To register your trademark in the U.S., you have to submit a “specimen.”
The Trademark Office is picky about what’s acceptable as a specimen. How picky? Let’s look.
The trademark in your specimen has to be exactly the same as the trademark in your application.
- The two trademarks in the featured image are not the same
- JUICY! is not the same as JUICY
- GOOD & PLENTY is not the same as GOOD AND PLENTY
The specimen must show the trademark “on or in connection with” the goods and services in the application.
- Specimens for goods should be a picture of the actual goods or the packaging with the trademark clearly visible.
- For services, you can use website screen shots but it has to include the trademark and have plenty of content that talks about the services.
If your application is for T-shirts, hats, or other swag, the specimen can’t have the trademark blazoned across the front like a decoration. That specimen will almost always be rejected as “merely ornamental.“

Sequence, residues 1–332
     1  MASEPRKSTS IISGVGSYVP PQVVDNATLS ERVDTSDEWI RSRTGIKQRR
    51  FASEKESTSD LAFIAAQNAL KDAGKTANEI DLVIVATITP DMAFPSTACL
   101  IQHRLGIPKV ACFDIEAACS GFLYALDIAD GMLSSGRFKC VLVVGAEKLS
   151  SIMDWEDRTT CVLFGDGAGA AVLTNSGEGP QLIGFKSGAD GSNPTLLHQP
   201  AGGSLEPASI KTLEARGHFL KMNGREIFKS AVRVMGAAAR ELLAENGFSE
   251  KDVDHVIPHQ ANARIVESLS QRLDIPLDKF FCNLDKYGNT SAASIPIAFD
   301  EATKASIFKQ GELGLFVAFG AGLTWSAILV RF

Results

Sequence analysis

Stuff that NEVER works
Here are some items that will never work as a specimen.
- Printer’s proof of an advertisement or brochure
- Digitally created/altered image or mockup of the goods
- Advertising material for goods
- Online catalog or web page display for goods without ordering information and pricing
Submitting an acceptable specimen can be the trickiest part of getting a registration. To get it right, you need to know and follow the rules.